The measurement of Electro-Dermal Activity has shown considerable promise in studying workload, as a correlate of physiological stress, in real time. A major advantage when using EDA is that the operator’s workflow does not have to be interrupted, and further, the operator’s level of EDA response can be measured continuously.
This last point bears particularly on the usefulness of this measure to interpret the workload of a team as a whole. Because the relative increases and decreases in workload can be seen in real-time, a monitoring device, or personnel, can have instant feedback regarding the operating capacity within a given team. In this research, we saw clearly that team workload levels tended to fluctuate simultaneously for key team members when the emergency event occurred.
Although standard metrics such as the SWAT and ISA are able to distinguish high and low workload conditions, they may be unsuitable to real world environments because they break up the task flow, and could even introduce some risk into the operating environment. New methodology such as communications analysis and EDA measurement may bridge the gap, allowing for real time measurement of workload without disrupting the task flow. Ideally, a combination of the measures employed in this series of studies would be the best way to measure operator workload, and specifically team workload in a maritime operations setting. Given this context, we find considerable reason to further investigate the use of remote electrophysiology to assess operator workload in complex, real world team environments.
Regarding implications of this research for shipping and trade, there are a few interesting points to consider. Primarily, we have shown that there are multiple ways of assessing the impact of introducing new technologies to the ship’s bridge. Given the proliferation of new technologies on the horizon, including automation and supplementary information system, there may be some advantage in applying these methodologies to test the impact of a new device, prior to its commercial implementation. Further, we have demonstrated the ability to simultaneously monitor the workload of both bridge personnel, and remote personnel such as tug or VTS operators, without impacting operator performance, which is necessary if we wish to monitor workload in a critical task environment. This could provide an opportunity for testing the impact of such experimental technologies as remote pilotage (Hadley, 1999), or shared mental model systems (e.g. Owen et al., 2013) for improving efficiency and safety in port entry.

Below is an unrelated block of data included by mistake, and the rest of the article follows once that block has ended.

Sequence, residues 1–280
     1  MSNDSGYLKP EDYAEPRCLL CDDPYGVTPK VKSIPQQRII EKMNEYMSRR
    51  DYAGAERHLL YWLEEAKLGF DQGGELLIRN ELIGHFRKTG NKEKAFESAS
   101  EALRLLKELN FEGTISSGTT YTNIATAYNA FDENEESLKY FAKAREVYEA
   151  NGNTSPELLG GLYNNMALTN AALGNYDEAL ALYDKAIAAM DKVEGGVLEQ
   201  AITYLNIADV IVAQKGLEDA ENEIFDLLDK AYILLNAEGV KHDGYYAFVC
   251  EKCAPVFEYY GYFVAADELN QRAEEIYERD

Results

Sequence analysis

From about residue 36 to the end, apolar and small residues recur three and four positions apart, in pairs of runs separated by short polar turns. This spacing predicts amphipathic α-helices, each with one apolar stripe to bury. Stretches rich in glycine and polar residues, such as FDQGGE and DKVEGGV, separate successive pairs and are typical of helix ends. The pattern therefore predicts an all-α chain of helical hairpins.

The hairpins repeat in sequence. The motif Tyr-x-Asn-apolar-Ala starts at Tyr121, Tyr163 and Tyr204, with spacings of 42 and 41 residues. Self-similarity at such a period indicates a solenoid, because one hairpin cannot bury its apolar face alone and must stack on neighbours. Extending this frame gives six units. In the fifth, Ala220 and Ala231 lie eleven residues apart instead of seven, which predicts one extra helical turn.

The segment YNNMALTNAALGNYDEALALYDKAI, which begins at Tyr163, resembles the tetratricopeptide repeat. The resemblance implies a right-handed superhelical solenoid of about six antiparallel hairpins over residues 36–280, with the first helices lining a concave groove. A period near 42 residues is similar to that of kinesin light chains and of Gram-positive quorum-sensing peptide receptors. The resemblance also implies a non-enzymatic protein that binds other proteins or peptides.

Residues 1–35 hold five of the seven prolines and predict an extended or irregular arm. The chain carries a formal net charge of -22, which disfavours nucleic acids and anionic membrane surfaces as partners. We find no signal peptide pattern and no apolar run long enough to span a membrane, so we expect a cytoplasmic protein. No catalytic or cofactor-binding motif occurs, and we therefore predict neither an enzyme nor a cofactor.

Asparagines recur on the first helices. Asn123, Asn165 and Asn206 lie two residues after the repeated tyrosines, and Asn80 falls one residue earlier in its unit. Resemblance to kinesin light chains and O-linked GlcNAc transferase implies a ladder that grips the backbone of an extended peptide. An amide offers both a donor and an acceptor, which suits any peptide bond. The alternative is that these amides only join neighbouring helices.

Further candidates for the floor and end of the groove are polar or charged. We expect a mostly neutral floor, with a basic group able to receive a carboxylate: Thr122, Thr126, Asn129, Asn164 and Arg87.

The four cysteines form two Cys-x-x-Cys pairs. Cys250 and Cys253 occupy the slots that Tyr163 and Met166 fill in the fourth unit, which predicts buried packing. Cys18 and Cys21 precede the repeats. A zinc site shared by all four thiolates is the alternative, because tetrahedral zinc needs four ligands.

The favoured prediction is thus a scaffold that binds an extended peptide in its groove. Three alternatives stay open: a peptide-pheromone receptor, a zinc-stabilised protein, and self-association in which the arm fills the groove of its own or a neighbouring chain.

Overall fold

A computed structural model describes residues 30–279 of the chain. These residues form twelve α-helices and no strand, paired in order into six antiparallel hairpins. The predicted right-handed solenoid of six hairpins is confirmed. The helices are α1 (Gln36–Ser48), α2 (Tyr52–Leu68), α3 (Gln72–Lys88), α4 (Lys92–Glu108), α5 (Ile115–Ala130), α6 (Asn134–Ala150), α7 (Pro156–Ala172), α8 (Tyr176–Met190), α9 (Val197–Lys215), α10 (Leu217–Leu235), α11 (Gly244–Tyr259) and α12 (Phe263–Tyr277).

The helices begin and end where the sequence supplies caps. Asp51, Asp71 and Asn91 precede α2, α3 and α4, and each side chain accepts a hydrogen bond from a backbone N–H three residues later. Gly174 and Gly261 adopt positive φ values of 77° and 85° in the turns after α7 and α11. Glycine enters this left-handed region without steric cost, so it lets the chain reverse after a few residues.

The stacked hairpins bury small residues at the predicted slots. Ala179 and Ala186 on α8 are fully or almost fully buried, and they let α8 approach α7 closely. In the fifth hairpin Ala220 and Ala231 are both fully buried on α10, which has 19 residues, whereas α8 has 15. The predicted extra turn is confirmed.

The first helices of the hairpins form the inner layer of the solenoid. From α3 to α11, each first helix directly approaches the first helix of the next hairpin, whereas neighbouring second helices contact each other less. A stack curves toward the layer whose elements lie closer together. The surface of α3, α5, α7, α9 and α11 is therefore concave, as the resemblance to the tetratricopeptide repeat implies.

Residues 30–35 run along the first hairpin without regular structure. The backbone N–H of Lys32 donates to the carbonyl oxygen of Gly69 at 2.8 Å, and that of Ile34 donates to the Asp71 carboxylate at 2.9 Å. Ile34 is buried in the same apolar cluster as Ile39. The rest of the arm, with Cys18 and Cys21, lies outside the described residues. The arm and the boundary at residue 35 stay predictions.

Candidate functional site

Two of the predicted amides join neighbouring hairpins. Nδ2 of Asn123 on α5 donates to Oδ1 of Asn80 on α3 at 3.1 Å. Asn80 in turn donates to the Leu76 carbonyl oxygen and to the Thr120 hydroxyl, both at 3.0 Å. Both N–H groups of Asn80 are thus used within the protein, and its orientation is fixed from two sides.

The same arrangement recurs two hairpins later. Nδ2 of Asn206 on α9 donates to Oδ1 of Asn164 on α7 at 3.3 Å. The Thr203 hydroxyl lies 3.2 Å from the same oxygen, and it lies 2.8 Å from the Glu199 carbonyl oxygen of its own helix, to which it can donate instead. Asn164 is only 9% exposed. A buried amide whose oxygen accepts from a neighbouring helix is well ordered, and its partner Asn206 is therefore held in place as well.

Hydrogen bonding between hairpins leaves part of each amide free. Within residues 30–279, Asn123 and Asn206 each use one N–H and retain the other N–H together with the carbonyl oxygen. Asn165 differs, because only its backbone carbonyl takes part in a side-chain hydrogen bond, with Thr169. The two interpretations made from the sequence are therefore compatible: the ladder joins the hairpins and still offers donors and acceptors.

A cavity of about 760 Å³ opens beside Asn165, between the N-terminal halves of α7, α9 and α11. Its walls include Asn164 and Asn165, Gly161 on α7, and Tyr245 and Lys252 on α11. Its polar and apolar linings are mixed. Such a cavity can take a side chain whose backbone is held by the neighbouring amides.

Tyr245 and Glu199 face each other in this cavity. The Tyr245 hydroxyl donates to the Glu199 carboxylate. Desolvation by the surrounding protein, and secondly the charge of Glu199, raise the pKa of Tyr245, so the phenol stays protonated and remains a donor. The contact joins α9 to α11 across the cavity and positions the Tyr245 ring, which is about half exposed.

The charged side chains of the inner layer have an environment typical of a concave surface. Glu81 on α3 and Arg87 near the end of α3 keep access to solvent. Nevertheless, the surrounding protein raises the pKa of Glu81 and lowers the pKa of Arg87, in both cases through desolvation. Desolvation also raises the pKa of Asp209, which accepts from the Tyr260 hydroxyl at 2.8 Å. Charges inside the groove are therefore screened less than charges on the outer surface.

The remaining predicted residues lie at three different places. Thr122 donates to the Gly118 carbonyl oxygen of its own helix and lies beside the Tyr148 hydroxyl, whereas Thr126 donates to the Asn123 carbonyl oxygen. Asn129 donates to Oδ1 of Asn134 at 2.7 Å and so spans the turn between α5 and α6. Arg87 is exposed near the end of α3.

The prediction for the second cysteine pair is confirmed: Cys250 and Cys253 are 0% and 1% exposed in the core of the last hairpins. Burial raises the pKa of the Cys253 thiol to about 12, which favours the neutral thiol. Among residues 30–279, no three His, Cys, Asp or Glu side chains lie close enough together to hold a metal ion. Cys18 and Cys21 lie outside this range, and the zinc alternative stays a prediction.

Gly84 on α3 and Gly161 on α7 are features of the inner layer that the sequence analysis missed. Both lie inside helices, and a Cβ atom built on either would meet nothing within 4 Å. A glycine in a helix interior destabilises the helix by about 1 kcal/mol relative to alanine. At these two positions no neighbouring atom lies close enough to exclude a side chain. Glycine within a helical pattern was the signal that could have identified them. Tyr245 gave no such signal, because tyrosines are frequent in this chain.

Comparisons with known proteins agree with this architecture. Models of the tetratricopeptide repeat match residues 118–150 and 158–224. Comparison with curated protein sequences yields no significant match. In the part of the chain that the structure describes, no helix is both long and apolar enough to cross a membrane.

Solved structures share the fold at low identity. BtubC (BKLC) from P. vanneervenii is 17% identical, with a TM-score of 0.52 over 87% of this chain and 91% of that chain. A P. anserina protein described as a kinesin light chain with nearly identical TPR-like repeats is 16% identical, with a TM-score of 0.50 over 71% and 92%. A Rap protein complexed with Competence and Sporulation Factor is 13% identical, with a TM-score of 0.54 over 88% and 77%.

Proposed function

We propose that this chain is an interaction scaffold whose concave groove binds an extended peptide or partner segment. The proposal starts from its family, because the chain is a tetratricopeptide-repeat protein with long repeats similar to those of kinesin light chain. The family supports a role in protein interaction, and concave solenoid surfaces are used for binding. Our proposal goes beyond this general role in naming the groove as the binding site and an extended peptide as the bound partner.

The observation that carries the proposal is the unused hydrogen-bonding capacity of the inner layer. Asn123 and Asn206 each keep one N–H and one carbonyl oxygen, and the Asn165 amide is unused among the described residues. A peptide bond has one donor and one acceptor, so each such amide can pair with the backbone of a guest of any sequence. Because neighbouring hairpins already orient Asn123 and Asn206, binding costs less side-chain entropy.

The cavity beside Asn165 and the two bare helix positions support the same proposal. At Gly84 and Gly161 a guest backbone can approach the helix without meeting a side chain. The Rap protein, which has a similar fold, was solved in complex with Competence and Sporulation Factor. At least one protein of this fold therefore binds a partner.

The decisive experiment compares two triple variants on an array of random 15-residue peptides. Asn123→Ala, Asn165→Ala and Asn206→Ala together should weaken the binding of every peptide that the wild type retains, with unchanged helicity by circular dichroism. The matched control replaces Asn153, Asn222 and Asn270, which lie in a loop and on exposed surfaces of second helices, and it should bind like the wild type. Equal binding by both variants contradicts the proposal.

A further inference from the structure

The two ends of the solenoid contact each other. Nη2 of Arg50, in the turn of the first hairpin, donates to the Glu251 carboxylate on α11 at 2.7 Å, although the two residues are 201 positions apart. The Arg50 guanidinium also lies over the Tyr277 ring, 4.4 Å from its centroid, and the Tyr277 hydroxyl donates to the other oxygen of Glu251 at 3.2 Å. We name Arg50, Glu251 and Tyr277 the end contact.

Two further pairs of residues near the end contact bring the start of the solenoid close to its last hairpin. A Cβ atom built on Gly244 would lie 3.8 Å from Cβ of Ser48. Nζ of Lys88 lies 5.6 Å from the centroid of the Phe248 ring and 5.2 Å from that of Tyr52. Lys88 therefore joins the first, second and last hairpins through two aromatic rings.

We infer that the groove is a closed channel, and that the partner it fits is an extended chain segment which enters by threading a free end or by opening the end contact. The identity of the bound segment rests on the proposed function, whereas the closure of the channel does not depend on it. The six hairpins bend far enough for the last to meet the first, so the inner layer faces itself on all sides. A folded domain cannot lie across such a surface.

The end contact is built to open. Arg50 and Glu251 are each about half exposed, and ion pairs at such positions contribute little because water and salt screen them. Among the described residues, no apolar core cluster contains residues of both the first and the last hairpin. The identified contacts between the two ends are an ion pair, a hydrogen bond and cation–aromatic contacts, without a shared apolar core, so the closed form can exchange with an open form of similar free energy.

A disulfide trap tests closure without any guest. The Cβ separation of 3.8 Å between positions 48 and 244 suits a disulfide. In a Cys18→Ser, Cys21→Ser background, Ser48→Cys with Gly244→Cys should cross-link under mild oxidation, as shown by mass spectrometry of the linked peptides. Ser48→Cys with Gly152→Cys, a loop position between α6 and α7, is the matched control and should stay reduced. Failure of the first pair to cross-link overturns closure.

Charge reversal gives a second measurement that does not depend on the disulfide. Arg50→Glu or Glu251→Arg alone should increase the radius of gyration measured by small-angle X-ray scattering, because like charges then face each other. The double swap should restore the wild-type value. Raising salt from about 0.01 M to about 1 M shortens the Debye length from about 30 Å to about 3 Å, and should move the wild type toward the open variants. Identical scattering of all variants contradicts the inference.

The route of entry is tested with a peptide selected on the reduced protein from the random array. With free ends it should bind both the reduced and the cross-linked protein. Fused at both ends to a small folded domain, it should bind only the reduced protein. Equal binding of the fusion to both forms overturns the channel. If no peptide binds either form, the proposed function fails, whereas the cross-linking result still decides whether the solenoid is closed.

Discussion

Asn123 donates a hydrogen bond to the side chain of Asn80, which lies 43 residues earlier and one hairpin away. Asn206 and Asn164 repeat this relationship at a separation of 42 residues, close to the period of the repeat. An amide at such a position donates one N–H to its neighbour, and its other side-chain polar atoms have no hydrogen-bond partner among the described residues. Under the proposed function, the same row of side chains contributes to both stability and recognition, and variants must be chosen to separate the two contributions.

e.g. Instantaneous Situation Awareness or ISA measure (EUROPEAN ORGANIZATION FOR THE SAFETY OF AIR NAVIGATION, 1996)
We have no further acknowledgements to make.
This project was funded by grant #00003477 from Ports Australia and Associate Professor Brooks’ involvement was also funded by grant LP120100422 from the Australian Research Council.
All authors participated in background research, study design, experimental testing, and writing of this paper. All authors read and approved the final manuscript.
The authors declare that they have no competing interests.
Springer Nature remains neutral with regard to jurisdictional claims in published maps and institutional affiliations.
Open AccessThis article is distributed under the terms of the Creative Commons Attribution 4.0 International License (http://creativecommons.org/licenses/by/4.0/), which permits unrestricted use, distribution, and reproduction in any medium, provided you give appropriate credit to the original author(s) and the source, provide a link to the Creative Commons license, and indicate if changes were made.
- Baddeley A (1992) Working memory. Science 255(5044):556–559View ArticleGoogle Scholar
- Bakker J, Pechenizkiy M, Sidorova N (2011) What’s your current stress level? Detection of stress patterns from GSR sensor data. In: Data mining workshops (ICDMW), 2011 IEEE 11th international conference on [internet]. IEEE, pp 573–580 [cited 2015 Jun 30]View ArticleGoogle Scholar
- Cain B (2007) A review of the mental workload literature. Defence Research And Development Toronto (Canada), TorontoGoogle Scholar
- De Zwart BC, Frings-Dresen MH, Van Dijk FJ (1996) Physical workload and the ageing worker: a review of the literature. Int Arch Occup Environ Health 68(1):1–12View ArticleGoogle Scholar